As a Color Analyst, I usually encourage clients to approximate their natural hair color as much as possible.
The color that you were born with is always in harmony with your skin tone, so the chance for unwanted oranges, overall ashy-ness, intense color blocks or other disjointed effects that distract the viewer from your beautiful face and eyes are avoided.
That said, many of us enjoy coloring our hair. Youth, in particular, love adding highlights and interesting effects to create drama and originality.
Hair Coloring at Home for Dark Winters | Dark Autumns
Linda, a Dark Winter, learned to color her own hair. Actually, her husband does it for her, because she is all thumbs when trying to do it herself!
Your individual strategy will depend on your age and your hair current hair color. Women and men, in their mature years, tend to look older when their hair is too dark. Obviously, there are other possible contributors to overall dissonance – the wrong lipstick and the wrong color clothing, for example.
Linda’s hair was gray (originally a darker brown), and she wanted to keep the darkness near her face. She is in her forties, wears her colors and minimal make-up – just lipstick and blush in her color. We addressed her roots every 10 – 14 days, because the contrast between the gray of her hair and the shades of brown that we alternated at each coloring was obvious. Her hair was already brown (from the salon) and she wanted a more fuss-free, convenient way to maintain her color without the weeks of white roots between salon visits. Linda was able to maintain her color on her own, once she got the knack and a regular personal schedule.
Not every Dark Winter (and Dark Autumn) would choose the same shades of brown to experiment with. If you look at the L’Oreal color choices and formula selections, for example, there are about 20-25 choices for brown. Stick with something lighter to begin with, possibly alternating a level 5 medium and level 6 light brown. It is always possible to go darker. L’Oreal has warmer shades, signaled by ‘warm,’ ‘copper,’ ‘mahogany,’ ‘chestnut,’ ‘amber,’ and ‘golden.’ There are also cool shades and ash shades. Initially, you could choose two shades that have a medium designation. The level of warmth or coolness will depend on a slightly lighter version of your natural shade in your 20’s.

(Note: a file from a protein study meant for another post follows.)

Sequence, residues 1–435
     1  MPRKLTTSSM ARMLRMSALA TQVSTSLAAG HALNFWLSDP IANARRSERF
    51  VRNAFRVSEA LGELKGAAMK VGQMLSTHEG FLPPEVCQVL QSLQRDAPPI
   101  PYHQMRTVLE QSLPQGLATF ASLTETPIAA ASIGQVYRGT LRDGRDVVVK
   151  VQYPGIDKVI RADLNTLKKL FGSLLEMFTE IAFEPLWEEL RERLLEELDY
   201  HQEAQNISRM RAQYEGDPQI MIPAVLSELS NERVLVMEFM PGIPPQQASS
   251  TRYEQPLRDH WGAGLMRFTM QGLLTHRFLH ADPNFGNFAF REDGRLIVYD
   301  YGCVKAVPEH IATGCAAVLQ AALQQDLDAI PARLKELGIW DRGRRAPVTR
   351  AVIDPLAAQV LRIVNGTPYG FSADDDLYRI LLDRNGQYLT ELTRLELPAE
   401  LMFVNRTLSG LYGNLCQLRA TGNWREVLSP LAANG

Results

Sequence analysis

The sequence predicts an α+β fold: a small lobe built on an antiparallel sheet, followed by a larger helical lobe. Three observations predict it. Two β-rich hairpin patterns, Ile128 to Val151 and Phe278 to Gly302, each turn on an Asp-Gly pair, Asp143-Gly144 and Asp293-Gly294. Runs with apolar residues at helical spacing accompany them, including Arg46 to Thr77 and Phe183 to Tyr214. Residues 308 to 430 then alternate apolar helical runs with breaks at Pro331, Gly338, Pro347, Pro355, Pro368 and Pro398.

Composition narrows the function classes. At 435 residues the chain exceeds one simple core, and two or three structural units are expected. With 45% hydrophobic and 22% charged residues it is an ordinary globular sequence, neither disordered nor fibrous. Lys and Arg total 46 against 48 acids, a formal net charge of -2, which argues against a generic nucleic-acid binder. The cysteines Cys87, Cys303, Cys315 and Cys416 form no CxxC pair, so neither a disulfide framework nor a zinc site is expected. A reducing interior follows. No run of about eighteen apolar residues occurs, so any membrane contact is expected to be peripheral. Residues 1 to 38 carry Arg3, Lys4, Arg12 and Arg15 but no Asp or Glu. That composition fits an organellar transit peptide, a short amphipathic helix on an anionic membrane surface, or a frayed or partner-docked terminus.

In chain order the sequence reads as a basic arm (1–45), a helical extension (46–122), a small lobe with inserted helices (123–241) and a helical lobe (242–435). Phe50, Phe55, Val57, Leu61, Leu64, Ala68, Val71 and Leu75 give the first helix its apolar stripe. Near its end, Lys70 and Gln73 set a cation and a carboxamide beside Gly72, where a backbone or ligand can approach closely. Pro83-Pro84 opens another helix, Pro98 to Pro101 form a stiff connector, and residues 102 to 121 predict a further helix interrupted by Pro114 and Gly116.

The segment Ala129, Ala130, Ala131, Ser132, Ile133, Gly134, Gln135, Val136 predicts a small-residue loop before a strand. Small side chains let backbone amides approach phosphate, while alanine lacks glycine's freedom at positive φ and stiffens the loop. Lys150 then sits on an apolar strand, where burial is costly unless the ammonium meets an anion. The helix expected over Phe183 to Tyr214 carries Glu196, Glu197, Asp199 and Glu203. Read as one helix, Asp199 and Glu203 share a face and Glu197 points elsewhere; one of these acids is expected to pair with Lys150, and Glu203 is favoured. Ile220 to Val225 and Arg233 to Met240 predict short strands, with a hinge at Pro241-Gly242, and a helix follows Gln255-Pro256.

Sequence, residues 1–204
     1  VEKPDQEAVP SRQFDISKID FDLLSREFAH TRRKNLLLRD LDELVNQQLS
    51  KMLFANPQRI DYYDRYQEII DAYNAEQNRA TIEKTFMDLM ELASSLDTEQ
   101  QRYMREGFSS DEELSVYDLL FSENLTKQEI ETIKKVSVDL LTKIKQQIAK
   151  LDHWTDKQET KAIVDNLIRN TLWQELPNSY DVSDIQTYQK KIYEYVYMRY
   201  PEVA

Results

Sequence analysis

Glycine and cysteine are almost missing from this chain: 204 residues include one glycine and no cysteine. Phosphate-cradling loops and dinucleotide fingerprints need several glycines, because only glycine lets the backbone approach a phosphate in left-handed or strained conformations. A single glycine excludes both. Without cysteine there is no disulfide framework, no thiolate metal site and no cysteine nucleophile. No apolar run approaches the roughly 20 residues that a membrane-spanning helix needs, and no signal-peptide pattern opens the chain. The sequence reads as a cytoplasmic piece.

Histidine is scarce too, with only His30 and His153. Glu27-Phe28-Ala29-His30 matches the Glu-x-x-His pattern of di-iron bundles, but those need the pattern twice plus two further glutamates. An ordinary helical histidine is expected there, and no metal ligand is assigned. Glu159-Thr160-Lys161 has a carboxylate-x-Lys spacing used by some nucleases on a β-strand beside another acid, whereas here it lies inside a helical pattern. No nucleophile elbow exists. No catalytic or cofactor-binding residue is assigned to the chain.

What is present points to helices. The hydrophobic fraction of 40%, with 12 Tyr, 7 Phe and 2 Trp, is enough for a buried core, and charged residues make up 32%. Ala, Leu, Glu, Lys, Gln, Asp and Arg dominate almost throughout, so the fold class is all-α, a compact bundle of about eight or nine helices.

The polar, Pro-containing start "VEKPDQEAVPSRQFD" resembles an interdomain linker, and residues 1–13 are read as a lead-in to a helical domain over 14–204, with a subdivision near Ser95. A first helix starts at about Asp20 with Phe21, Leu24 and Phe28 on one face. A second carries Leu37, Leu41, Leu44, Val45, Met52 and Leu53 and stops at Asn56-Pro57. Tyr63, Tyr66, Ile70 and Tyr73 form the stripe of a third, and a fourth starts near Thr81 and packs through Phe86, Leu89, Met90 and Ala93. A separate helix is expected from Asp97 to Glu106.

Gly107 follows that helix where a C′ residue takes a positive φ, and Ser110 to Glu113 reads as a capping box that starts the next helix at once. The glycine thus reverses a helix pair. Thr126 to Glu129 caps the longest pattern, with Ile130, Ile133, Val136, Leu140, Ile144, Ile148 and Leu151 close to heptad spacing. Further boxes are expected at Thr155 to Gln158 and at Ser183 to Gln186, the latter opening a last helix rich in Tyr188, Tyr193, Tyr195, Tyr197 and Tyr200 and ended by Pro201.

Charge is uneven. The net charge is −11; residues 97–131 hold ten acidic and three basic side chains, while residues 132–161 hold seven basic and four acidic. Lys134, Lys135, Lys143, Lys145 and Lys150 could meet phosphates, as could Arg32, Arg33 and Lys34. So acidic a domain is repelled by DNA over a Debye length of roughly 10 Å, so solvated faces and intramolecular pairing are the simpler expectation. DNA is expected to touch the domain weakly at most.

You will be mixing only 1/3 to 1/2 of the formula each time, so there will be lots of opportunities to adjust the color, without making a drastic change (or damaging mistake!) For the application, save the developer bottle to mix the 1/3 to 1/3 ratios of developer to color. The color is only applied to the roots. Gradually weave in 2-3 colors, as described below, to give some variation to your hair color.
There are several ways to get some highlights into the final result.
1) For your first application, use 1/2 of the formula. Start with the part. Then, parting the hair at about 1/2 to 1 inch intervals, including some diagonal cuts, color the roots. Another place to be sure to apply sufficient color is in the back. When you sleep, you will get your own “personal part lines”; be sure to address these every time you color. Do not comb through.
2) On you next application, choose a slightly different brown. Color the part, and then parting the hair at 1/2 to 1 inch intervals, not necessarily in the same places as last time, color the roots only.
3) You can add highlights, very conservatively, by coloring specific thin strands of hair with the desired highlight shade. To do this, gather the hair 1 inch from the part on both sides (and about 1 inch down in back), then highlight a few strands underneath. There is no need to be aggressive here, until you are sure of the response of your hair to the dye product. You can mix a small amount of the highlight color until you are confident that the result on your head harmonizes with the Dark Winter or Dark Autumn fan.
4) If your hair is shorter, or your hair style is off the face, or the contrast with your incoming grays is too obvious, you may have to color the temples and part more often, mixing only a small amount of product. To avoid an unnatural contrast between your skin and hair color, choose the lighter of your formulas if you need to just do the part and temples.
The level of contrast between the gray and brown, and your hair length and style will determine how much color you will mix up for an application. With experimentation, you will learn how the formulations (Excellence, Preference, or Feria, for example) interact with your native color and texture. Your hair color should harmonize with your Personal Color Palette.
Remember, every gray hair does not have to be covered. Less is more.